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RE: PEMB ftgs

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I understand what you’re saying….but we we’ve being doing for this situation is this…


We have a continuous turndown around the perimeter of the building at frost line depth.  We then center a square footing under the column with the top of the footing being coincident with the bottom of the turndown.


This way we eliminate any eccentricity from vertical loads.  We use the footing and overburden to resist uplift.  Hair pin bars centered in the slab take care of the lateral loads.


It’s an extra step in the construction process but our subcontractors seem to love it.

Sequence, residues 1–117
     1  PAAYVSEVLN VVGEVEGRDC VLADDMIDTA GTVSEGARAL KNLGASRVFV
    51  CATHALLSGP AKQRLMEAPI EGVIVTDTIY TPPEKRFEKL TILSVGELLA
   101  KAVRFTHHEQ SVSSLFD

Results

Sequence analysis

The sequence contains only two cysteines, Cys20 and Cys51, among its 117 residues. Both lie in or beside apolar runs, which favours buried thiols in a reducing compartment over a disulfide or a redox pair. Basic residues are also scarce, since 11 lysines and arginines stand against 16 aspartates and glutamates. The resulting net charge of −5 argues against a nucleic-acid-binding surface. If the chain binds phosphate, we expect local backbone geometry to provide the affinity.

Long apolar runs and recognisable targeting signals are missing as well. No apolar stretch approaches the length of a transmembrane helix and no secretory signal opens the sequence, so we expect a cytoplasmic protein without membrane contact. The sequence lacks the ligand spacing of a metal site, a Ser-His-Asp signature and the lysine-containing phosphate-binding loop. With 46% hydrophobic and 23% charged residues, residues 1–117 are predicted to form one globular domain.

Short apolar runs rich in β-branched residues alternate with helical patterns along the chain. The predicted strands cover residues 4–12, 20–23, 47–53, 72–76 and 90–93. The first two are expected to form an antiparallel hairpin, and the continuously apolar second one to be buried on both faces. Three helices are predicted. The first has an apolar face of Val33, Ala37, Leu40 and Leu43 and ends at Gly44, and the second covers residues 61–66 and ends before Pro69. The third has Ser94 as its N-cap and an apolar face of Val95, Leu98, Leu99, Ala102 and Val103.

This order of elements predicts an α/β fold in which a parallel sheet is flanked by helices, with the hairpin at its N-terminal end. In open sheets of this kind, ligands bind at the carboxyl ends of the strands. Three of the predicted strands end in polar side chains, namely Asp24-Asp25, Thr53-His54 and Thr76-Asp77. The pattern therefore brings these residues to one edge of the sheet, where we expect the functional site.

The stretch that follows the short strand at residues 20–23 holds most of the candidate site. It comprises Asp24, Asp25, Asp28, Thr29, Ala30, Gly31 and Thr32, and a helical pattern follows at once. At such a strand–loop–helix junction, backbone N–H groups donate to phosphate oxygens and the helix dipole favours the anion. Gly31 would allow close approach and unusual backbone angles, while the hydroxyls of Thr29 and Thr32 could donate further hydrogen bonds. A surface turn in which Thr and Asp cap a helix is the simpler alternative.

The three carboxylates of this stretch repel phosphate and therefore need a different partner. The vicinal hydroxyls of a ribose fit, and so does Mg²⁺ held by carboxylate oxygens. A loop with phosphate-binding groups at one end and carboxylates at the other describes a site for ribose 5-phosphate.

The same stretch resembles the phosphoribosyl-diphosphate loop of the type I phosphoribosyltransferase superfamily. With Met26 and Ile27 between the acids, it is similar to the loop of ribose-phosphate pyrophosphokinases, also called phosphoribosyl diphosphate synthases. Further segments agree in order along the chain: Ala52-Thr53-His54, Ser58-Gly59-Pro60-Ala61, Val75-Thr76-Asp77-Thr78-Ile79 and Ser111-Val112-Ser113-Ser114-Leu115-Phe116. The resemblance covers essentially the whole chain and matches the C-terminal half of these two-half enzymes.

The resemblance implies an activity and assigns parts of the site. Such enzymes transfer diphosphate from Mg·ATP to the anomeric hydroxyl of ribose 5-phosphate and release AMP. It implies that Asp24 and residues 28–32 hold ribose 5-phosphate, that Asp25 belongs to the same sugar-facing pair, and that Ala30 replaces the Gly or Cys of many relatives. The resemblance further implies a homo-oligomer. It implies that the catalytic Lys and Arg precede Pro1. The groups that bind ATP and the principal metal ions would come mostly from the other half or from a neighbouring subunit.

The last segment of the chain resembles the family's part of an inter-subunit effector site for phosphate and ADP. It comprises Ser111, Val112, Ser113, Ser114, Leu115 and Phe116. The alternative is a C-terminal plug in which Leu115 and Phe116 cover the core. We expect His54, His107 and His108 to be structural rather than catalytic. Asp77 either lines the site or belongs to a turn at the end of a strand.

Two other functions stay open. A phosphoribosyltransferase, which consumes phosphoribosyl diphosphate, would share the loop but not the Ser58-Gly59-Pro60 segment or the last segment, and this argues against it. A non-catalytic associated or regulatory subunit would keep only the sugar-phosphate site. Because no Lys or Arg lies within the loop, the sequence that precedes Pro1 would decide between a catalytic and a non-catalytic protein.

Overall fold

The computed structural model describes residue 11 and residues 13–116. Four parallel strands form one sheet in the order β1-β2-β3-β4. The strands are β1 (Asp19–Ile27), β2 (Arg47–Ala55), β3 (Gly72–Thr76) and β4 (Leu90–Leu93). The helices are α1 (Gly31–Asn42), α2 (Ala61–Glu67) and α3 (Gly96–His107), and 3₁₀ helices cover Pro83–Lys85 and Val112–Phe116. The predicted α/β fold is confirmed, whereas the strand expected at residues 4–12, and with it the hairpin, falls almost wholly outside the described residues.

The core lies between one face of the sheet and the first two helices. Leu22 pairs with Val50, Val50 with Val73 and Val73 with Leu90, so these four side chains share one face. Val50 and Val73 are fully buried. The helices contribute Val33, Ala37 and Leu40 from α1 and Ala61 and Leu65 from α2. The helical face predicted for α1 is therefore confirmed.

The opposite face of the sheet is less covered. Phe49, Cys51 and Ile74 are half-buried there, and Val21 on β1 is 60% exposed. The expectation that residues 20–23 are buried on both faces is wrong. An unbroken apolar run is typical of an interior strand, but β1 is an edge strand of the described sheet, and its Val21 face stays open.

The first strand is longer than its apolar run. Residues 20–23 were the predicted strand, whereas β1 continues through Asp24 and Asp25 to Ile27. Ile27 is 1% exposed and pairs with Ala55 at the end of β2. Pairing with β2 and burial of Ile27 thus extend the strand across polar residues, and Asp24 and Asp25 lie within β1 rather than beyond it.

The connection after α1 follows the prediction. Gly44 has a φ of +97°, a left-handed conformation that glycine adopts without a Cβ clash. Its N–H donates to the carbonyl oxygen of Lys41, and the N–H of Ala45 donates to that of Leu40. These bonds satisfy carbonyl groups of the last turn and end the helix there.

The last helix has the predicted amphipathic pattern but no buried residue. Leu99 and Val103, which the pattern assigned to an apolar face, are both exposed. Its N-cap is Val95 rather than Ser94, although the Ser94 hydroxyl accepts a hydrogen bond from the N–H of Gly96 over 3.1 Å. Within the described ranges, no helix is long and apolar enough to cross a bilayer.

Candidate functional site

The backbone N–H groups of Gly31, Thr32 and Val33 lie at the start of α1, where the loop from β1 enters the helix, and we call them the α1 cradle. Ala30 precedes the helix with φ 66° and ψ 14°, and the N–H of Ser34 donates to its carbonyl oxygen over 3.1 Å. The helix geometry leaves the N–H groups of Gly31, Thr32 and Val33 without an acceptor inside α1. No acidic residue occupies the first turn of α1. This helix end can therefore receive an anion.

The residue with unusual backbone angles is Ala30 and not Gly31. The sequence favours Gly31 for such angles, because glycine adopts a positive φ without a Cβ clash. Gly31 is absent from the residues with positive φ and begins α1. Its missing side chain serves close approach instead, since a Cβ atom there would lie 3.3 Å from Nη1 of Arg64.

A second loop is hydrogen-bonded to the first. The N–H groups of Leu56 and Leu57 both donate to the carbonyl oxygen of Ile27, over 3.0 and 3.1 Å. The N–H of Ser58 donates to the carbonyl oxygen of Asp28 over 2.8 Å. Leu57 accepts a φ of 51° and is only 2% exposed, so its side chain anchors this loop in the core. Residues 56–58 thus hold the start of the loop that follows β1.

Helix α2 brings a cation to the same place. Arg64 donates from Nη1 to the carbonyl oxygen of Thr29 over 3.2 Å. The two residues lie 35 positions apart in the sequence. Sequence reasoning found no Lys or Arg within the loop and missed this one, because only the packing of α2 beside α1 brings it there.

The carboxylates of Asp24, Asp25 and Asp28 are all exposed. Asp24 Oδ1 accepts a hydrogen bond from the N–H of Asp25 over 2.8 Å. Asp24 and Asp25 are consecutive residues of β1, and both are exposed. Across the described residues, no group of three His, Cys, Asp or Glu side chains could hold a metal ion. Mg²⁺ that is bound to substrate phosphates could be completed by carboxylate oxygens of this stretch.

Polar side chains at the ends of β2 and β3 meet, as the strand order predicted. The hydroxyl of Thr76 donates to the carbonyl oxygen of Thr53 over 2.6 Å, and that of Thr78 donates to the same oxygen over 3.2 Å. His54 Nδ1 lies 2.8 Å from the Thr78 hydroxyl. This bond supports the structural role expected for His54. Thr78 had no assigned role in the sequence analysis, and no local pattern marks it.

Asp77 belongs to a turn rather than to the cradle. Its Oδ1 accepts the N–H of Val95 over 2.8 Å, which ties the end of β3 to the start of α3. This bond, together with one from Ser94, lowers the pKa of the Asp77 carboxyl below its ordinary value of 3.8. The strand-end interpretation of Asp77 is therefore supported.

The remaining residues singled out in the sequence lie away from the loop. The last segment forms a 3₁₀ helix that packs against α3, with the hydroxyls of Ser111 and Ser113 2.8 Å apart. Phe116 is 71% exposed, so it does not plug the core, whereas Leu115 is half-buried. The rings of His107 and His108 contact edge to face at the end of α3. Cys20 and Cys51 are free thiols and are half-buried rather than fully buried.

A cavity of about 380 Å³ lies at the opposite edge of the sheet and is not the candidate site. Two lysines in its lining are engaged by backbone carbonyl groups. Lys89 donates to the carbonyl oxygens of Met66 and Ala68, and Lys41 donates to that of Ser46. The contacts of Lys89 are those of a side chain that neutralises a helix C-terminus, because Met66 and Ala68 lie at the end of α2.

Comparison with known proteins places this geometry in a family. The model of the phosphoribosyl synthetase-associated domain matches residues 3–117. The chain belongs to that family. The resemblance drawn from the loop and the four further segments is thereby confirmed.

Make sense?







John T. Whitty, P.E.

ITAC Engineers and Constructors

Chester, VA




From: Andrew Kester, PE [mailto:akester(--nospam--at)]
Sent: Thursday, October 12, 2006 2:38 PM
To: seaint(--nospam--at)
Subject: re: PEMB ftgs



Seems like you are doing it the way I have always done it and seen it done. Like someone else said, unless you have to drop your footing for frost reasons, you just design the column footings as monolithic with the slab and the thickened edge. All my PEMB work is in Florida so uplift is usually our biggest problem, not the gravity loads. Designing as a rectangular footing parallel with the edge of the building, like a cont wall footing, could help reduce the effects of the eccentricity but it will always be there...


I will sometimes play around with the geometry of the monolithic footing and try and utilize the slab and thickened edge to help resist the uplift. This may let me reduce the footing size and then I just thicken and reinforce an area around the footing in the slab to help with the uplift, reducing overall concrete and using the slab that was already there...



Andrew Kester, PE
ADK Structural Engineering, PLLC
Lake Mary, FL